KANSAS CITY -- Jonathan Rosa, the Royals’ manager of charities and community impact, knew he would have to make a strong impression when he was applying to jobs in the competitive professional sports world.
Rosa's story provided one of the best examples of perseverance for around 100 teens in attendance from the Boys & Girls Clubs of Greater Kansas City at an event with the MLB at Work program on Monday at Kauffman Stadium.
Rosa and five others from different departments spoke about how these teens can earn future jobs with Major League Baseball.
Rosa, who lives with cerebral palsy, talked about his journey from an equipment manager for the University of Kansas baseball team, which started by sending an email to the then-manager. He was then hired by the Royals as a guest experience specialist before earning his current title.
During an hourlong panel discussion, Rosa and five others advocated to the teens to find something they are passionate about, and answered questions for nearly 30 minutes about how to find a job, manage the time commitment and stand out in an interview.
“We have all been there and been that age group where we are trying to figure out what we want to do with our lives,” Rosa said. “That’s what makes things like these special. We can get a panel of rock stars in our organization that have been through that before and can share a little bit about what they’ve done to get to where they are now.”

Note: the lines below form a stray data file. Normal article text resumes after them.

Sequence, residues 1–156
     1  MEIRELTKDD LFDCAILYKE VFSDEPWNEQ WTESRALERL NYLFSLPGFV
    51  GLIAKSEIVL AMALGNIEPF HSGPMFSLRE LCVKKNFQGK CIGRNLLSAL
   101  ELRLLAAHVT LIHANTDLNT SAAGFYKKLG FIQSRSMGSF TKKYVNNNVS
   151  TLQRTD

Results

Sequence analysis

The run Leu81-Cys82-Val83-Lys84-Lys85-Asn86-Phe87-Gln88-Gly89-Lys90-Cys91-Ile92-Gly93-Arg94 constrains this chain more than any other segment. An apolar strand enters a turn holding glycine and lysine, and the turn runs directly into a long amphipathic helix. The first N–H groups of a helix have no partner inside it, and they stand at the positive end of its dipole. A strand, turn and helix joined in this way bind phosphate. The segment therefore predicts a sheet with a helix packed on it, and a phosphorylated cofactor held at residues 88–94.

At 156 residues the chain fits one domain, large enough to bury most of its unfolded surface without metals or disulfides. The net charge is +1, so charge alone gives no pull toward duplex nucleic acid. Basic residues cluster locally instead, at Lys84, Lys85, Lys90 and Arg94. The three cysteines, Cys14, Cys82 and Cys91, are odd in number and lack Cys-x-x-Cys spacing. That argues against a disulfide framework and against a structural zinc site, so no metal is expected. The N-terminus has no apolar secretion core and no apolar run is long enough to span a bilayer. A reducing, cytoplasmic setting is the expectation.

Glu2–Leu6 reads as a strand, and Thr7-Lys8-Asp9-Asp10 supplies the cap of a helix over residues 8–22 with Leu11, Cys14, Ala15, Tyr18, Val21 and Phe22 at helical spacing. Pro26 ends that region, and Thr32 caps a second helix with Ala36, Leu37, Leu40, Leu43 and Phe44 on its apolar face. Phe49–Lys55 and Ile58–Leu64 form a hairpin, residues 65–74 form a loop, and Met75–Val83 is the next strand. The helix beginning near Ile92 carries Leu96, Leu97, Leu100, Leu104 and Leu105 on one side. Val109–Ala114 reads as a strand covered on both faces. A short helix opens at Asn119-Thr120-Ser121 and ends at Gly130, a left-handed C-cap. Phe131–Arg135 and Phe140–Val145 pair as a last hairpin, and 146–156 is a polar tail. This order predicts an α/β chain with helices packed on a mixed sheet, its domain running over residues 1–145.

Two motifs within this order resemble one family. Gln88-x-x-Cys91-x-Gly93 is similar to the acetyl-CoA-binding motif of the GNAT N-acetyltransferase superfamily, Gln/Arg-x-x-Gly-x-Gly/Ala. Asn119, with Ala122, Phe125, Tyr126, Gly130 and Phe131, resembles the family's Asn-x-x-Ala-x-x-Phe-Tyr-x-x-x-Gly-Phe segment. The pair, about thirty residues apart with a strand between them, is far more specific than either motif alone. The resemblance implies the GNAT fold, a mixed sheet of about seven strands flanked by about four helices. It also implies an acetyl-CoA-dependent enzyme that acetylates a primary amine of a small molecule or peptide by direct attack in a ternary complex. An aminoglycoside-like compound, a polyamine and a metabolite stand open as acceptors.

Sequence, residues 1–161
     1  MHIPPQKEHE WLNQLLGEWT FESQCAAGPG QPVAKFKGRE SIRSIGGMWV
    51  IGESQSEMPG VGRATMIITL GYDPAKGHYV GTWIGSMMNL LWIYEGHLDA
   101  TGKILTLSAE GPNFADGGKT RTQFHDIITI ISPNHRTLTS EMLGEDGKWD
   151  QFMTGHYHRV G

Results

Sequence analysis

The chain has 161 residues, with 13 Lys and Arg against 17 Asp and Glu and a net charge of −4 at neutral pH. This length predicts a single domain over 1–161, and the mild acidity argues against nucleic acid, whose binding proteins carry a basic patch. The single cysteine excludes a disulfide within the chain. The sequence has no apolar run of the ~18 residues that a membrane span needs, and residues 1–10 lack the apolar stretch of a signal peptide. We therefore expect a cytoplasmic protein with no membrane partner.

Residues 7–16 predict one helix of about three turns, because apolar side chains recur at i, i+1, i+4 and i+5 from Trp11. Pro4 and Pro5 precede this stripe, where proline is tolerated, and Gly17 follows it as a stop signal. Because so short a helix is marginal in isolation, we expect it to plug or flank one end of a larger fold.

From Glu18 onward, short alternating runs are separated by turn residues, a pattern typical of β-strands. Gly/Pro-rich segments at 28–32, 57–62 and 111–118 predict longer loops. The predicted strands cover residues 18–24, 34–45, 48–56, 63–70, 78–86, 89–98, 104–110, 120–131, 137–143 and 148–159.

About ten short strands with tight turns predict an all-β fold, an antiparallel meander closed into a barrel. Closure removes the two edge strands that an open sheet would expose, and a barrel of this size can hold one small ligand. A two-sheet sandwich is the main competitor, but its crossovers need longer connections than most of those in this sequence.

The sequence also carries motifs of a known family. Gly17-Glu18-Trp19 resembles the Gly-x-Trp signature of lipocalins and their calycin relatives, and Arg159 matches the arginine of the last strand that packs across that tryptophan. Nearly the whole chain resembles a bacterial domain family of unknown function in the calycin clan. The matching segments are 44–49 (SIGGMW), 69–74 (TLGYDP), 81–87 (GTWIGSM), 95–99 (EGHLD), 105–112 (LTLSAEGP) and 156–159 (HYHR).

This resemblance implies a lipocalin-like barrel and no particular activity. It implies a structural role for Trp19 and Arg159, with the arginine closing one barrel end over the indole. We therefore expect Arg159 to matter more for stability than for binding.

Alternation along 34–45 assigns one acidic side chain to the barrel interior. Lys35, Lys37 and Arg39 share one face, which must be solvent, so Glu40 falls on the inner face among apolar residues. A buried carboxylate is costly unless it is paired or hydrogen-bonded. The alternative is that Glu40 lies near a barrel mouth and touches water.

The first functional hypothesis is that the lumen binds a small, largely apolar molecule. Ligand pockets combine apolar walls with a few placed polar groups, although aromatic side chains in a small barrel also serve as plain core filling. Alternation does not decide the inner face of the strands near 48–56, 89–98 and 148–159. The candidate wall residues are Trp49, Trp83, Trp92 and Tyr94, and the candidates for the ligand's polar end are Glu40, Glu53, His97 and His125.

It was important for the panelists to highlight the fact that you don’t have to play sports to work in sports. Six Royals employees, from departments including stadium operations, athletic training, graphics design, broadcasting, sales and community relations, spoke about their journeys and just how many different opportunities and career paths can end with a job with a Major League Baseball organization.
“I think it’s a misconception that to work in sports, you have to play sports,” Rosa said. “And that’s just not the case. You have graphic designers, folks in finance, folks from our cleaning crew. There are jobs all over the ballpark that have nothing to do with playing baseball. And while that certainly helps, that’s not a dealbreaker by any means.”
Most of the attendees are in high school or middle school. The Royals' digital host and reporter Carrie Lippert-Gillaspie, and Nick Kenney, the Royals’ director of Major League medical administration, provided answers on how to get involved early, even before heading to college.
“Get involved in your school … if you want to be in graphic design, join the yearbook crew,” Lippert-Gillaspie said. “Then you can start fitting those little pieces in. … And when you get to college, make sure you are reaching out to Minor League and Major League teams because that’s when you can start to get those internships.”
Kenney, who was the Royals’ head athletic trainer for 12 seasons, helped answer questions about the medical world, but also provided insight about how the ability to do a job isn’t always enough. In a teamwork environment like Major League Baseball, working alongside others is just as critical.
“There are three things you can control each and every day -- your attitude, your intensity and your preparation,” Kenney said. “My dad said, ‘If you work hard and you treat people right, you will never have to look for a job because people will tell others that you’re the right person to do the job.’”
Afterward, the group was able to tour the visitors' clubhouse, sit in the dugout and view the field. It was a chance for the teens to experience what makes working with a Major League club such a competitive lifestyle.
No matter which department or field of work they were in, the panelists agreed on one thing: “We have dream jobs. All of us here get to come to [Kauffman Stadium] and this is our view every day, and where we get to work is incredible,” Lippert-Gillaspie said.